Panama had become completely Americanized. There was the American Hotel, the New York, the Philadelphia, the United States, the St. Charles, Washington, &c., &c., and half the business in town was done by Americans. After supper, we strolled to the “Battery,” seated ourselves on a brass fifty-six, and viewed one of the most magnificent moon-light scenes I ever beheld. The bay was as placid as a mirror; the ships lying quietly at anchor, loomed up like phantoms; the islands being just visible in the distance. Behind us was a ruined monastery, the moon looking in at the roof and windows, disclosing the innumerable bats that nightly congregate to gambol through these halls of desolation. After spending an hour here, we passed through one of the dilapidated gateways and took a surf bath; we reëntered through the gateway, and passed along the wall to the convent of San Francisco, an immense structure covering an area of 300 feet square; it is now untenanted, and in ruins. Near one corner of this, standing in the street, is a stone pedestal surmounted by a cross, where the devout are wont to kneel and kiss the image of "Nuestro Señora.” Passing up the main street, Calle de Merced," we found the citizens all out enjoying

, the evening; and as we passed we could hear them modestly whisper, "Los Americanos tiene mucho oro;" during the night

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BURNING THE DEAD.

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we had the usual procession of nuns and priests, and the next day was ushered in by the discordant clamor of church-bells. I say this without reproach, for half the bells were cracked, (and it was a great wonder they were not all so,) and every morning from daylight to nine, they were undergoing the ordeal of a severe drubbing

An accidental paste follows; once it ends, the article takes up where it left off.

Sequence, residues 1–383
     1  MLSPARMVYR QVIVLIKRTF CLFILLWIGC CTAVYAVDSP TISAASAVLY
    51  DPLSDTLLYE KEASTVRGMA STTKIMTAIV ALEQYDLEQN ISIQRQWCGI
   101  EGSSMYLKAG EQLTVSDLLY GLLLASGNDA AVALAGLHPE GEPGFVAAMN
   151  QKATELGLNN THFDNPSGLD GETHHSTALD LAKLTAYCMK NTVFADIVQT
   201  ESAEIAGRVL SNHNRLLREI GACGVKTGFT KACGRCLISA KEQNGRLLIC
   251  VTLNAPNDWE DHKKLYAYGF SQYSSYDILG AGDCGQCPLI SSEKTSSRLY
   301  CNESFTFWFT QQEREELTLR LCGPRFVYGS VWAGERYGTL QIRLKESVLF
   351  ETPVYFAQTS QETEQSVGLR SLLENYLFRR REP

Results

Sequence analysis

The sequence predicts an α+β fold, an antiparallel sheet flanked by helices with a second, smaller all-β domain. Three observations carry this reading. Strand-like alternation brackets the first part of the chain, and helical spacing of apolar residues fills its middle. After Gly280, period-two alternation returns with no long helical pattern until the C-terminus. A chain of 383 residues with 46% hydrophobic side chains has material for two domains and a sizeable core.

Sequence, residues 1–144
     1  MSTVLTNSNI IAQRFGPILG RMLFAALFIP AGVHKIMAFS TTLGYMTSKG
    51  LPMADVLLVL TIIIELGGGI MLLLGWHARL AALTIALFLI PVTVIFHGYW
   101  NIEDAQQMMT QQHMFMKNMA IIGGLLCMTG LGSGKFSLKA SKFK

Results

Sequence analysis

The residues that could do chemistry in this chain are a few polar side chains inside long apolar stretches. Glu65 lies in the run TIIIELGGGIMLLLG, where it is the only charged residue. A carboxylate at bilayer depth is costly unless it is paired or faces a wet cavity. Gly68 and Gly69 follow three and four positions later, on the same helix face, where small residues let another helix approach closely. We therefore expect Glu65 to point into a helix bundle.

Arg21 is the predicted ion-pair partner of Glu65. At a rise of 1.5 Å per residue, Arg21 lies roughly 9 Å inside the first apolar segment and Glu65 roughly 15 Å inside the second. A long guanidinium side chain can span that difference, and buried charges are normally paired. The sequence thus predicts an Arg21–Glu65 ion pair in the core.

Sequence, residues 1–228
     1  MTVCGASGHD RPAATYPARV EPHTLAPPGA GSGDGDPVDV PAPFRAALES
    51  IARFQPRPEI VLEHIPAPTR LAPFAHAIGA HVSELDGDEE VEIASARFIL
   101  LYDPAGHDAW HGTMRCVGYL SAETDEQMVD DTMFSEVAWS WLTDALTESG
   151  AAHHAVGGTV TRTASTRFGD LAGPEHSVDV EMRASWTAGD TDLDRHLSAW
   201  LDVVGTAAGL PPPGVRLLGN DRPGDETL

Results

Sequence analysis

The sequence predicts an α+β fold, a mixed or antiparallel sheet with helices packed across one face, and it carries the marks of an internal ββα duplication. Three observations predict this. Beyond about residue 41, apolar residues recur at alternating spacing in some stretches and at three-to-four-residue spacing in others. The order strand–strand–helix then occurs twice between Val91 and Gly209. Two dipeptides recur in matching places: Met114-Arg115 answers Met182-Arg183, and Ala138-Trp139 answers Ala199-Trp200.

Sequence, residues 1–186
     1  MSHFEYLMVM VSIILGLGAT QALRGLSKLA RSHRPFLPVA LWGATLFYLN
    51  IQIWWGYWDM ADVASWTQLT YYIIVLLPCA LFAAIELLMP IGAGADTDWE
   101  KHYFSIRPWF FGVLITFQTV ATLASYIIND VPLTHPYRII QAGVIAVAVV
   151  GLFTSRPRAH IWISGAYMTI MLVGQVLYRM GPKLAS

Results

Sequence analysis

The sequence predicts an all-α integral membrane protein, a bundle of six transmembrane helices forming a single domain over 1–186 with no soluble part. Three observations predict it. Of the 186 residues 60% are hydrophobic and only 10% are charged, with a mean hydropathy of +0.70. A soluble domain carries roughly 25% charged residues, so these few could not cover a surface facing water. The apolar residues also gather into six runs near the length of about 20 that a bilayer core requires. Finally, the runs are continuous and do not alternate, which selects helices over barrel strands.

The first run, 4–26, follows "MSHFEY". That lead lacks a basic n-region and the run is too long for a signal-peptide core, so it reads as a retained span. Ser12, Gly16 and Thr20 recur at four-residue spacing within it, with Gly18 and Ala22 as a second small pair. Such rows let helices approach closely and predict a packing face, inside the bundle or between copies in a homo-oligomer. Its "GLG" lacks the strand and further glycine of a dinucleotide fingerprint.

The vaults of Panama in which the dead are deposited, are laid up in mason work, and resemble a succession of large ovens. They are under the control of the priests, and are the source of an immense revenue. Of the strange and often barbarous customs adopted by the church here, the most strange, the most inhuman and revolting, is that of burning the bodies of the dead. This diabolical practice cannot be contemplated without feelings of indignation and horror. Nations have praticed the burning of their dead in order to preserve their ashes, but this is not the object here—would that I could have learned an object so laudable—but here nothing can be said in mitigation. The word of the priest is potent, and considered by the people a mandate from Heaven. Whatever he requires is submitted to with cheerfulness, they thinking it the will of the Supreme Being. The priest requires a fee for his important intercessions for the dead, as well for the consecrated tapers that burn at the head of the corpse during the funeral services, as for a place in consecrated ground, and prayers for the soul which is supposed to linger a long and painful probation in purgatory, after the body is consigned to the tomb. The friends of the dead are obliged to pay in proportion to the services rendered. A requiem in a whisper costs but half as much as one in an audible tone of voice, and one on high “C” is still much more expensive. A place for burial in the earth, even in consecrated ground, is procured at a moderate cost, but in the vaults, above described, the charge is much higher, often beyond the means of the poorer classes. These-vaults as well as the consecrated ground belong to the church, and the proceeds go into the hands of the priests. The vaults are not numerous, and are of sufficient capacity only to accommodate the deaths of a few months; but in order to serve all, the priests have hit upon the expedient of an annual “funeral pile.” “All-Saint's day” in each year, is the one dedicated to this sacrilegious act. On that day the vaults give up their dead,